14. Phase-Space Models of Solitary Electron Hoies

    DEFF Research Database (Denmark)

    Lynov, Jens-Peter; Michelsen, Poul; Pécseli, Hans

    1985-01-01

    Two different phase-space models of solitary electron holes are investigated and compared with results from computer simulations of an actual laboratory experiment, carried out in a strongly magnetized, cylindrical plasma column. In the two models, the velocity distribution of the electrons...

  15. Effect of electron-electron collisions on the phase transition and kinetics of nonequilibrium superconductors

    International Nuclear Information System (INIS)

    Elesin, V.F.; Kashurnikov, V.A.; Kondrashov, V.E.; Shamraev, B.N.

    1983-01-01

    An explicit expression is obtained for the distribution function of excess quasiparticles, taking into account electron-electron collisions in nonequilibrium superconductors. It is shown that the character of the phase transition may change at a definite ratio of the electron-electron and electron-phonon interaction constants: the dependence of the order parameter on the power of the source becomes single-valued. In addition, diffusion instability and paramagnetism of the superconductors arise. The multiplication factor of the excess quasiparticles due to electron-electron collisions and to reabsorption of phonons is calculated

  16. Study of electronic and structural properties of CaS

    International Nuclear Information System (INIS)

    Mirfenderski, M.; Akbarzdeh, H.; Mokhtari, A.

    2003-01-01

    The electronic and structural properties of CaS are calculated using full potential linearized augmented plane wave method within the local density approximation and generalized gradient approximation for the exchange -correlation energy. For both structures, NaCl structure (B1) and CsCl structure (B2), the obtained values for lattice parameters, bulk modulus and its pressure derivative and transition pressure are in reasonable agreement with the experimental values. For electronic properties, the obtained value for band gap is smaller than the experimental value as well as other calculated results based on density functional theory. Engel and Vosko calculated an exchange potential for some atoms within the so-called optimize-potential model and then used the virial relation and constructed a new exchange-correlation functional. We used that functional and obtained reasonable results for band gap. Finally we investigated the possibility for a third phase ( Zinc Blend structure) for this crystal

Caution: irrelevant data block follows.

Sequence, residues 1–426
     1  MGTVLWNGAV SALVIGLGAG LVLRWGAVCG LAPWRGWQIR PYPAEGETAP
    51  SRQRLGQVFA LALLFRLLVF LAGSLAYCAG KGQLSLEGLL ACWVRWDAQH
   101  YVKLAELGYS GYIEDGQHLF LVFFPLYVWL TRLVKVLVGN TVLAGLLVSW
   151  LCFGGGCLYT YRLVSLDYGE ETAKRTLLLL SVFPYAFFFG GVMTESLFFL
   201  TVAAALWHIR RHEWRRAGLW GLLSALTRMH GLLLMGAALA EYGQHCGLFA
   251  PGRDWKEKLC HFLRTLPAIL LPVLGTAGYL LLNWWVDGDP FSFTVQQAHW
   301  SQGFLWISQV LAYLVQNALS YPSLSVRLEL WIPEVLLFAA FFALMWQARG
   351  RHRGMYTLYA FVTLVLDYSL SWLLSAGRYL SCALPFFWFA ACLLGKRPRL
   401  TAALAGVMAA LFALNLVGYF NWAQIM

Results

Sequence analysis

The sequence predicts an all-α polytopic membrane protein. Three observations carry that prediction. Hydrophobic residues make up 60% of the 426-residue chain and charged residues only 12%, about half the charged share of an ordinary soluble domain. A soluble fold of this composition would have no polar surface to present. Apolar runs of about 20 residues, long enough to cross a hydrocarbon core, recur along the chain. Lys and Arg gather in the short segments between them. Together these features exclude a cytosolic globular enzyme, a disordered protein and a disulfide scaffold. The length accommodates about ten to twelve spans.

17. Quantum coherent optical phase modulation in an ultrafast transmission electron microscope.

    Science.gov (United States)

    Feist, Armin; Echternkamp, Katharina E; Schauss, Jakob; Yalunin, Sergey V; Schäfer, Sascha; Ropers, Claus

    2015-05-14

    Coherent manipulation of quantum systems with light is expected to be a cornerstone of future information and communication technology, including quantum computation and cryptography. The transfer of an optical phase onto a quantum wavefunction is a defining aspect of coherent interactions and forms the basis of quantum state preparation, synchronization and metrology. Light-phase-modulated electron states near atoms and molecules are essential for the techniques of attosecond science, including the generation of extreme-ultraviolet pulses and orbital tomography. In contrast, the quantum-coherent phase-modulation of energetic free-electron beams has not been demonstrated, although it promises direct access to ultrafast imaging and spectroscopy with tailored electron pulses on the attosecond scale. Here we demonstrate the coherent quantum state manipulation of free-electron populations in an electron microscope beam. We employ the interaction of ultrashort electron pulses with optical near-fields to induce Rabi oscillations in the populations of electron momentum states, observed as a function of the optical driving field. Excellent agreement with the scaling of an equal-Rabi multilevel quantum ladder is obtained, representing the observation of a light-driven 'quantum walk' coherently reshaping electron density in momentum space. We note that, after the interaction, the optically generated superposition of momentum states evolves into a train of attosecond electron pulses. Our results reveal the potential of quantum control for the precision structuring of electron densities, with possible applications ranging from ultrafast electron spectroscopy and microscopy to accelerator science and free-electron lasers.

  18. Magnetic imaging with a Zernike-type phase plate in a transmission electron microscope

    DEFF Research Database (Denmark)

    Pollard, Shawn; Malac, Marek; Beleggia, Marco

    2013-01-01